JIM LEHRER: Bank of America to the rescue. Jeffrey Brown has our big mortgage story.
JEFFREY BROWN: Not that long ago, Countrywide Financial was a symbol of the real estate boom.
Last year, the nation’s largest mortgage lender originated nearly one in every six home loans, more than $400 billion in mortgages. It also serviced more than $1 trillion in other mortgage loans.
But in recent months, Countrywide became a different kind of symbol: of risky lending practices, foreclosures and defaults, and the so-called subprime crisis.
The company’s value plummeted, bankruptcy rumors swirled, even in the last few days.
Today’s rescue deal involves the nation’s largest consumer bank, Bank of America. It now becomes the nation’s largest mortgage lender, as well.
Roben Farzad has been covering the story as a senior writer for BusinessWeek magazine. He joins us now.
Roben, first remind us how Countrywide became so important in the boom.
ROBEN FARZAD, Editor, BusinessWeek: Countrywide really jumped at the chance to become the foremost mortgage lender. Much of this boom started around the 9/11 period, 2001, 2002, when we record low interest rates for the next two, three, or four years, and people who were still heartbroken from their losses in the stock market really started espousing this new reality that your home was the ultimate redoubt.
Everybody suddenly had this flare for the American dream. And Countrywide was all too happy to take advantage of that cheap credit and give loans to even the riskiest of borrowers. And the assumption being, as long as home prices go up, everybody is going to be OK.
JEFFREY BROWN: And then things changed. I mean, is it clear what caused its downfall at this point?
ROBEN FARZAD: Hubris. You know, if you are out there dispensing the notion that the housing market can defy gravity ad infinitum, you’re obviously going to embolden your mortgage brokers to go out and sell these loans.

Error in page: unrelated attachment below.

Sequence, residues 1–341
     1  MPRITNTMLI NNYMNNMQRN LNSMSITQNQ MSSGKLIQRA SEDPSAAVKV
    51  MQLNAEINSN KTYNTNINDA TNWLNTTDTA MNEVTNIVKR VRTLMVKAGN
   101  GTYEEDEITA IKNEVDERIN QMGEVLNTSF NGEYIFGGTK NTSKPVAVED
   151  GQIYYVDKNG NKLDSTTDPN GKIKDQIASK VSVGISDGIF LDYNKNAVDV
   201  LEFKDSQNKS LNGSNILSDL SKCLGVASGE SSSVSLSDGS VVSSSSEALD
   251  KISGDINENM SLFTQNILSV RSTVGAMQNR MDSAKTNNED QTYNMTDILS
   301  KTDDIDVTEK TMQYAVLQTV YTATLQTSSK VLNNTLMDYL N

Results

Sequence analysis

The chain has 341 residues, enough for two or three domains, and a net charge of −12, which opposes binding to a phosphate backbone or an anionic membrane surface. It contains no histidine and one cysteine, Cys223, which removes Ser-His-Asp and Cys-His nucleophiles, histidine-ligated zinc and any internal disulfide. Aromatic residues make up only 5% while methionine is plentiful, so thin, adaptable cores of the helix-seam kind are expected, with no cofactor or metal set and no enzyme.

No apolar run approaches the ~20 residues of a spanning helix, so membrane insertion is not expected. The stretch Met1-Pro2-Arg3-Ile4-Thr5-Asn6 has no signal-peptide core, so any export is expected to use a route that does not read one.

We thought there was a new paradigm. Mortgage lenders like Countrywide thought that they could make the loans, one, because housing prices were going up at a record clip, and, two, they could repackage and sell them to Wall Street and institutional investors and keep the virtuous cycle of making loans, making loans.
And truth be told, as long as home prices went up, it didn’t matter if you only made $90,000 a year and took out a $500,000 mortgage. But that came to a crashing end in the past year.
Bank of America making a gamble
JEFFREY BROWN: So what bet is Bank of America making then? I mean, why buy it if it is so troubled and this subprime crisis continues?
ROBEN FARZAD: There is a bifurcated interpretation. I guess the cynics today, talking to people on trading desks, you notice the market was down quite a bit today. It's not like the market took this as much of a vote of confidence.
JEFFREY BROWN: I think everyone noticed that, yes.
ROBEN FARZAD: Bank of America last year made a $2 billion investment in Countrywide in the summer, thinking that it was getting a fire sale price at about $20 a share.
The market has significantly worsened since. Countrywide fell to about $5 a share. And it was almost a face-saving effort for Bank of America to go in and buy it before it fell to zero. That's the cynical, skeptical interpretation.
Point number two is Ken Lewis, the CEO of the really acquisitive Bank of America, is thinking this is a once-in-a-lifetime opportunity for him to catapult from being the number-five mortgage lender to number one.
You have this wounded player suddenly on the market. And in one fell swoop, they can go and make this boltan acquisition (ph) for just $4 billion. And the big thing that they can bring to the equation is Bank of America's cheap source of financing.
If you have a checking account at Bank of America or a money market account earning one or two points, that jibes beautifully with Countrywide's problems right now. They've been cut off from the credit market, so the hope is that the housing market comes back soon and makes him look like a hero.
JEFFREY BROWN: Now, it's being characterized as a rescue. Does it have any impact for borrowers, those distressed borrowers that are out there? Presumably their loans are still sitting there, right?